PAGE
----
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3 Steps To Getting a Fee Waiver in Bankruptcy Court (Guide)

3 minute read Upsolve is a nonprofit that helps you get out of debt with education and free debt relief tools, like our bankruptcy filing tool. Think TurboTax for bankruptcy. Get free education, customer support, and community. Featured in Forbes 4x and funded by institutions like Harvard University so we'll never ask you for a credit card.  Explore our free tool

In a Nutshell

If you can’t pay the filing fee, you may be able to get the filing fee waived, if you’re eligible, or pay the fee in installments after filing your bankruptcy case, once you’re protected by the automatic stay. Here we discuss the different fee-waiver forms you will need and how to fill them out.

Written by Attorney Karra Kingston
Updated April 22, 2022

Everyone who files for bankruptcy must pay a filing fee to the Court. For a Chapter 7 case, the filing fee is $338 and for a Chapter 13 bankruptcy, the filing fee is $313. The filing fee is used to pay administrative costs for your bankruptcy. The filing fee is also used to pay a bankruptcy trustee for administering and overseeing your case.

If you can’t pay the filing fee, you can apply to have the fee waived or to pay it in installments. This article covers the different fee-waiver forms you'll need and how to fill them out.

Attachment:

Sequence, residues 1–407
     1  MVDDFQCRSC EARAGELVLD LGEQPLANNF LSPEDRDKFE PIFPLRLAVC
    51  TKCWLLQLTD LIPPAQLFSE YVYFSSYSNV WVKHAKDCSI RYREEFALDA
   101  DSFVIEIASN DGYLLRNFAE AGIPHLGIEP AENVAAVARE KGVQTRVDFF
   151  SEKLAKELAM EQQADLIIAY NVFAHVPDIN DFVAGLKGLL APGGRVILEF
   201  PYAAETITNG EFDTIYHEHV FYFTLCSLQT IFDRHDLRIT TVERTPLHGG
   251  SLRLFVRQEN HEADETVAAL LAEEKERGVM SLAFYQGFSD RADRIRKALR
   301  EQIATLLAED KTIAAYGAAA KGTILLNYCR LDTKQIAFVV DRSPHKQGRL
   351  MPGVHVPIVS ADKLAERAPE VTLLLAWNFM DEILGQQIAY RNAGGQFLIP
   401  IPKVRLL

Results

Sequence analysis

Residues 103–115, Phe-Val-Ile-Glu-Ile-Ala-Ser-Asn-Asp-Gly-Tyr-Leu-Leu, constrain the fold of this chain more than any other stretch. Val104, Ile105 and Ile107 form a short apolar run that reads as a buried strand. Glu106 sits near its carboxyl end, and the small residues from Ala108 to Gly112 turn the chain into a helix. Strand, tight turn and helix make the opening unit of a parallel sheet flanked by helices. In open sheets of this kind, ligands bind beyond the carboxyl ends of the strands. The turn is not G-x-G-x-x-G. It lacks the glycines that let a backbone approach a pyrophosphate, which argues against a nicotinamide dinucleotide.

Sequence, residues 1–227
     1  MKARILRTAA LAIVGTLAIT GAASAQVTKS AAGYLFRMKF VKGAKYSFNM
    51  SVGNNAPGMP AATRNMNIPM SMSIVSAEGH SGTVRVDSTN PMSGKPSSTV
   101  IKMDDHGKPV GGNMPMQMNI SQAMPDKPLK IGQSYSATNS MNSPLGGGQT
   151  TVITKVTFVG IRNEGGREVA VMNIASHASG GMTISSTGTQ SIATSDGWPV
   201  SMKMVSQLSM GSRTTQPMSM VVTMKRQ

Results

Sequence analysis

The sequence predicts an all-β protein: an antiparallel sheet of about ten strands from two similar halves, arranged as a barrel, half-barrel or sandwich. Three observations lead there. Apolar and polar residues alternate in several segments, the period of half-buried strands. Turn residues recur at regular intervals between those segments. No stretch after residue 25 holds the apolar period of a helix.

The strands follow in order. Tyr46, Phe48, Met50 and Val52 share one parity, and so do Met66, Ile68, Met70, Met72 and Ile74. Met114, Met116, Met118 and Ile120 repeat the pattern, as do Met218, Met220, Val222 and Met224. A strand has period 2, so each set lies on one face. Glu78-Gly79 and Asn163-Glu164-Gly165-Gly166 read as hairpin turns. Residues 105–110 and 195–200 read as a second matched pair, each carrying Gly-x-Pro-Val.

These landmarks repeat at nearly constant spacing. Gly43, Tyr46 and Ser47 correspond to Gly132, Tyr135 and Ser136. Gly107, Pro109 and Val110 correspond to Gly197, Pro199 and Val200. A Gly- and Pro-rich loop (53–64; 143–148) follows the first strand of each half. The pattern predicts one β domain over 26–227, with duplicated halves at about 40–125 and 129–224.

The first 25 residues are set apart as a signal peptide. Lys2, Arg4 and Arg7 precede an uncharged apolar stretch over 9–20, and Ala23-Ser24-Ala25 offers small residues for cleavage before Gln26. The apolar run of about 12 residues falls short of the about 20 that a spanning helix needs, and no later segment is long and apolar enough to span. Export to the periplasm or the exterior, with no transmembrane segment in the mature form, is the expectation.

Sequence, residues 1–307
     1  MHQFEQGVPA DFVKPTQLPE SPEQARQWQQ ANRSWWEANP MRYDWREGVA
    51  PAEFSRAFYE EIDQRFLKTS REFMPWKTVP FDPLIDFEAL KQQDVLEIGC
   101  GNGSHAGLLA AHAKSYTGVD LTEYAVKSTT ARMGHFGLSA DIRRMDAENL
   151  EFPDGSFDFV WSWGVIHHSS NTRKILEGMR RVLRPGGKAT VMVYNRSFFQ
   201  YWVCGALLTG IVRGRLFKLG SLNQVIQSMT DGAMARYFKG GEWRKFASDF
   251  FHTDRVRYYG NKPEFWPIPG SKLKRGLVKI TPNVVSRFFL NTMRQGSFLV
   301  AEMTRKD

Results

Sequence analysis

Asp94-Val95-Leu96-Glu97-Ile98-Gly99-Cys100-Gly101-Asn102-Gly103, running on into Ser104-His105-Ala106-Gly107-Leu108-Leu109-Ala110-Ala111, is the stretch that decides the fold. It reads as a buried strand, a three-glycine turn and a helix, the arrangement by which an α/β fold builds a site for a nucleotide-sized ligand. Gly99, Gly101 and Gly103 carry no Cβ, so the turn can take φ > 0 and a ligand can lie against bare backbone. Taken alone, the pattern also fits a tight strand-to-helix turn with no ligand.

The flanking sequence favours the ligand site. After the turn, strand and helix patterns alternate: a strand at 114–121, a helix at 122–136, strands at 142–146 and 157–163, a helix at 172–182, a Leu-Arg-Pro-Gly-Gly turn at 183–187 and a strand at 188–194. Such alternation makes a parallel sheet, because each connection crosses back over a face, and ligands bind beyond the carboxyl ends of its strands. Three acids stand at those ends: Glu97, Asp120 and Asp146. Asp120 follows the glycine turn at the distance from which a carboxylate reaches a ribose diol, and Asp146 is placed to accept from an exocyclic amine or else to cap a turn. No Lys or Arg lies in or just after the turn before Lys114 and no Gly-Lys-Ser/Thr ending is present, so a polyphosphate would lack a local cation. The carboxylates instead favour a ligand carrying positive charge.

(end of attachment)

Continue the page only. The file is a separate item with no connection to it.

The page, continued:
1. Determine Eligibility

If you want to file Chapter 7 bankruptcy and apply for a fee waiver, you need to complete Official Form 103B: Application to Have the Chapter 7 Filing Fee Waived.

To be eligible for a fee waiver, you must show the court that you can’t afford to pay the fee. Your income must be below 150% of the federal poverty guidelines. These limits are published by the U.S. Department of Health and Human Services. You must also show the court that you can’t afford to pay the filing fee in installments. If you can afford to pay the filing fee in installments in the 120 days after filing your case, the court may not grant your fee waiver request.

2. Complete the Application

To complete the fee waiver application, you need to give the court information about your income and assets. You must show the court that your income is below 150% of the federal poverty guidelines. The court may also ask about your household income, family size, monthly expenses, bank account balances, personal property, real estate, and cash on hand.

Note that your family size includes your unmarried partner and any person you live with and share expenses with. This may be different than what you put on your Schedule I and J. Use the bankruptcy forms you filled out to make sure the information in your fee waiver application matches the information in your schedules.

If You’re an Upsolve user….

… and you’re eligible for a filing fee waiver, Upsolve will prepare the application for you based on the information you provide. The fee waiver application will be a part of the filing packet that you generate when your case is ready for filing. 

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3. File Bankruptcy and Submit Your Application